November 21, 2011

Or download the Phantasy Cave pdf here.

All that’s missing the voice of Werner Herzog narrating!  (Click here to see the trailer for his Cave of Forgotten Dreams)

If there’s one thing in the Fire in the Jungle supplement that I’d like to revisit or change, it’s the Ant Tunnel System. My original intention of that system was as an extension of the Jungle Event System…the discovery of an ant tunnel entrance would spice up jungle exploration.  The idea was that a series of dice rolls using the Ant Tunnel System could quickly play out an exploration of the tunnel.  The PCs would dive in, pull out some loot or clues, and then resume their jungle journey.

Somewhere along the line I started to envision the ant tunnels as a vast network of tunnels touching all corners of the jungle and reaching down to unknown depths.  So the Ant Tunnel System tries to do two things at once: quick delves into an ant lair and open-ended exploration of a mythic underworld environment.  It turned out okay, but I wonder if it could have been better if it only focused on one or the other.

Phantasy Cave is a re-visitation, re-engineering, and re-skinning of the Ant Tunnel System, focusing on the mythic underworld concept and detached from a jungle setting.  Simply stated, it’s one page of house rules and charts to help me improvise fantasy rpg adventures in a map-less cave environment.  The charts are mostly cobbled together from other sources…an assortment of ideas to jumpstart a DM’s creativity.  It’s the house rules that cement the charts together and help fulfill my primary goal for Phantasy Cave:  enabling fast-paced “pick-up games” of D&D while preserving the essential tension of dungeoneering…explore deeper or get out?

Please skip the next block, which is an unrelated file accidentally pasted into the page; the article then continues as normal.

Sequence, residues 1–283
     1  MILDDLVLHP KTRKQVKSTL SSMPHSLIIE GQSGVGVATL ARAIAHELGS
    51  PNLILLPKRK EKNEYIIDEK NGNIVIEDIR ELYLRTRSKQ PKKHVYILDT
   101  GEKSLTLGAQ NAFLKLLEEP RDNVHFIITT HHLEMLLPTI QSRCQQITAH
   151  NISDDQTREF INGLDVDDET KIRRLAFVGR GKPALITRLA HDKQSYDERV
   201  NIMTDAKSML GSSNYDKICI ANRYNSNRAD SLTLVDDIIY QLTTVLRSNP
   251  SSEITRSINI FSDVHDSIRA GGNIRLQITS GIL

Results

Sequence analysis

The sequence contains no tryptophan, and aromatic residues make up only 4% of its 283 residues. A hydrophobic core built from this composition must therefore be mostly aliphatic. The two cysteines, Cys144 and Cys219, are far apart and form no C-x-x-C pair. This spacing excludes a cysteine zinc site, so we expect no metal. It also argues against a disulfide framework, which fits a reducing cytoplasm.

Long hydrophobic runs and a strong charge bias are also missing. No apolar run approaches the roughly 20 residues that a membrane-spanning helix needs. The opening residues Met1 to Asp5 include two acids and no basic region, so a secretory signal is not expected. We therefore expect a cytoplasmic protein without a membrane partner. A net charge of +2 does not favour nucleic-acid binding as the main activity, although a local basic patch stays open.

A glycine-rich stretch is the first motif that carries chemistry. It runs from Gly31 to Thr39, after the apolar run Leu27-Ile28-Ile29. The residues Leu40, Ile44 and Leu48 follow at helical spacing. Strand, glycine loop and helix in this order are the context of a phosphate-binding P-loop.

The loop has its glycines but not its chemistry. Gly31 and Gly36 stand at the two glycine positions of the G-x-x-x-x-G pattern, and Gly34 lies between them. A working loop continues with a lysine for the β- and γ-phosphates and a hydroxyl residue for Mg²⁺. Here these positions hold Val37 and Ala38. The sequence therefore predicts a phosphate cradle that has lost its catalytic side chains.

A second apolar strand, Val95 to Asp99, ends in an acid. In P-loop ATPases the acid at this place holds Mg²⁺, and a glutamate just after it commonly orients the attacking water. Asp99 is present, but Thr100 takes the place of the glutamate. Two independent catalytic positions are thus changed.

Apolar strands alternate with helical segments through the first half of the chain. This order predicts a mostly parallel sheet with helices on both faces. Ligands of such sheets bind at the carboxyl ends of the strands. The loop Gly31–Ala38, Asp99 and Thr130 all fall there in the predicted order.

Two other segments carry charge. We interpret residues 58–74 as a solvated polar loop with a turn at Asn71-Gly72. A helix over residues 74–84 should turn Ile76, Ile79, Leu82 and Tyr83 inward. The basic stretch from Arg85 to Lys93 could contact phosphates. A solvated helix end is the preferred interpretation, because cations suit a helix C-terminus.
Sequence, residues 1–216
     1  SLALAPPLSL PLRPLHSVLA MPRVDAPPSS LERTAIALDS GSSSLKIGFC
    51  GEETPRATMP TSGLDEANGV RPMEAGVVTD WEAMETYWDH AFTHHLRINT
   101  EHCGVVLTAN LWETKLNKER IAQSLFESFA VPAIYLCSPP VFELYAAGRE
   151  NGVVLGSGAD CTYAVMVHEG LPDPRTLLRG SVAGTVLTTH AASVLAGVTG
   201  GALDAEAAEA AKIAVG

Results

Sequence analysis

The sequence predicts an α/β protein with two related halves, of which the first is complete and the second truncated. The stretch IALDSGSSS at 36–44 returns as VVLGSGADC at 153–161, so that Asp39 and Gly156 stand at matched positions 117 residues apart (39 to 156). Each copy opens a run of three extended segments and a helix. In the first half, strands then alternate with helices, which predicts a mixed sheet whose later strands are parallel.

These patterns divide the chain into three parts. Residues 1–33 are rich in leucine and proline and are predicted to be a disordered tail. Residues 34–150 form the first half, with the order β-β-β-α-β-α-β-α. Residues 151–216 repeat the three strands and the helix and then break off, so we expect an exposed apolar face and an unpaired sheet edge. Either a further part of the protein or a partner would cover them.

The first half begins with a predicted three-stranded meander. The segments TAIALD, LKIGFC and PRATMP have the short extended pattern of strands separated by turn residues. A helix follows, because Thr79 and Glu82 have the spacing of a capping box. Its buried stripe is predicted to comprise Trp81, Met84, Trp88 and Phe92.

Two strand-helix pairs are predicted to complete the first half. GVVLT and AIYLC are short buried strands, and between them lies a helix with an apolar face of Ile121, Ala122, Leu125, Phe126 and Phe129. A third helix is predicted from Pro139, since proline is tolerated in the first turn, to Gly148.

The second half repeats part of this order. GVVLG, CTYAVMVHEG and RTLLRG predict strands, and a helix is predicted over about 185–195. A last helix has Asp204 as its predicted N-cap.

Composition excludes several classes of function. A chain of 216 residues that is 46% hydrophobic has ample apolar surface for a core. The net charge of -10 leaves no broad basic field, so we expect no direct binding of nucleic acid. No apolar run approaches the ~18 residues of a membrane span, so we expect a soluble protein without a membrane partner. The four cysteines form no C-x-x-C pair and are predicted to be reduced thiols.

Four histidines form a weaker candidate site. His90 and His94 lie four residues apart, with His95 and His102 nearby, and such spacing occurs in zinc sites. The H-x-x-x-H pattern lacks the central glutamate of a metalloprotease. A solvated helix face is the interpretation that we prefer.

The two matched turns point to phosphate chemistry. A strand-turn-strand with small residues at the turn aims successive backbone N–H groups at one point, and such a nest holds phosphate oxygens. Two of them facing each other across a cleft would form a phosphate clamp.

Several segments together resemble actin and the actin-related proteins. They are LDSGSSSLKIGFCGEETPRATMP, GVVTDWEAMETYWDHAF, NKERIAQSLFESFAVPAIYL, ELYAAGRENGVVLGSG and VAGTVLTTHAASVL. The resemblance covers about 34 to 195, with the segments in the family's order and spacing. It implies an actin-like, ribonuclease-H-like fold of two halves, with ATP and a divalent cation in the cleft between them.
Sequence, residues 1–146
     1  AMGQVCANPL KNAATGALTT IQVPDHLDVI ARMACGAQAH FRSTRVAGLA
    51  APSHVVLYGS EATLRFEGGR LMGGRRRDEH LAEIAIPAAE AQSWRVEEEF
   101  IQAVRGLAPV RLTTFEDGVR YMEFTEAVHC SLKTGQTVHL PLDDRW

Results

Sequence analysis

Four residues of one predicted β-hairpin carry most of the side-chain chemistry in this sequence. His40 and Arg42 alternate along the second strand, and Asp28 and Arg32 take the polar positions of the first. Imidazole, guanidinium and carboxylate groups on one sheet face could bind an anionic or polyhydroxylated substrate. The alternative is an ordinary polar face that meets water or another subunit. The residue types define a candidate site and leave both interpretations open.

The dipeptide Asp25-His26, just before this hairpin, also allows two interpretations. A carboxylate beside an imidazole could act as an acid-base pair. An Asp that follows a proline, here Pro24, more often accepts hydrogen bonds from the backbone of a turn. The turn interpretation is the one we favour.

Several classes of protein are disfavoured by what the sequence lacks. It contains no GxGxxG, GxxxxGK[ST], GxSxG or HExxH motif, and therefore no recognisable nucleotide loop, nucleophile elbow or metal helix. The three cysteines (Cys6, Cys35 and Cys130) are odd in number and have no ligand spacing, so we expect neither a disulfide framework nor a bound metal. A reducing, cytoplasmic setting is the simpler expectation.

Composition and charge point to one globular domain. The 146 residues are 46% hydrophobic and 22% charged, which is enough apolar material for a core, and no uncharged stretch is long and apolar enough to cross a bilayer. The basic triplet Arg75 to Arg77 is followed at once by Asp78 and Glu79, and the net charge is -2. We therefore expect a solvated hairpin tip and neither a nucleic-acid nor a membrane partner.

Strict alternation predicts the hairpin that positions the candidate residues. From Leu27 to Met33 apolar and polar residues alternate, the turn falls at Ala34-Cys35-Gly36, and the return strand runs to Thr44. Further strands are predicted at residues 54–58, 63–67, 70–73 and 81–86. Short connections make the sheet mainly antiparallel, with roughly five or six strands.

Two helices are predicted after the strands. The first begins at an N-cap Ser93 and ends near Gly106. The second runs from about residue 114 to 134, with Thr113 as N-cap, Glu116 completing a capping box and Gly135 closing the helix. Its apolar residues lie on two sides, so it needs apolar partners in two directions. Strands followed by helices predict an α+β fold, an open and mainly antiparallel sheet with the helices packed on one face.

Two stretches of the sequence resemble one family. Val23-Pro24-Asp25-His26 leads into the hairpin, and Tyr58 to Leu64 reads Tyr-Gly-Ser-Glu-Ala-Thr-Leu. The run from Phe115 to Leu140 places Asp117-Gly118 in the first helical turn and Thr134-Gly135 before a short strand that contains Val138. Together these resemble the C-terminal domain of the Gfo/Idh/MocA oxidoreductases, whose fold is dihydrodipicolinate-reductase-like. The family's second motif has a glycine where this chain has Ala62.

I put together the Phantasy Cave sheet for my own reference, so some parts probably need further explanation to allow others to make sense of it…

The basic idea is to roll on the Exploration chart each turn to determine what is encountered.  Because a delve into Phantasy Cave is meant to be fast-paced, something of interest is found each turn, be it a monster, obstacle, or just cave scenery.  The Depth factor is added to the Exploration roll to represent the increasing risk and reward of going deeper and deeper into the cave.

The risks are meaner monsters and darker darkness.  The hostile blackness and shadows of the lower depths enable monsters to ambush PCs more frequently.  And there is always the danger of getting lost, too.  The essential problem of being lost is that the PCs don’t know if that passage in front of them leads to a more dangerous area or not.  Being lost may not be a big deal to full strength PCs just exploring, but can put them in a bad situation if they are beat up a bit and trying to get out of the cave.

Cave adventures, like any other, need a variety of obstacles and monster encounters.  When an obstacle is discovered, roll on the Obstacle chart to determine what it is (the first thing listed on each line), then make things interesting by rolling on the chart again to add a Complication (the second thing listed on each line).  Go ahead and roll for more obstacles or complications to mess things up even further.  Or the DM can decide that the obstacle is just cave scenery and not something blocking the way or with a dangerous complication.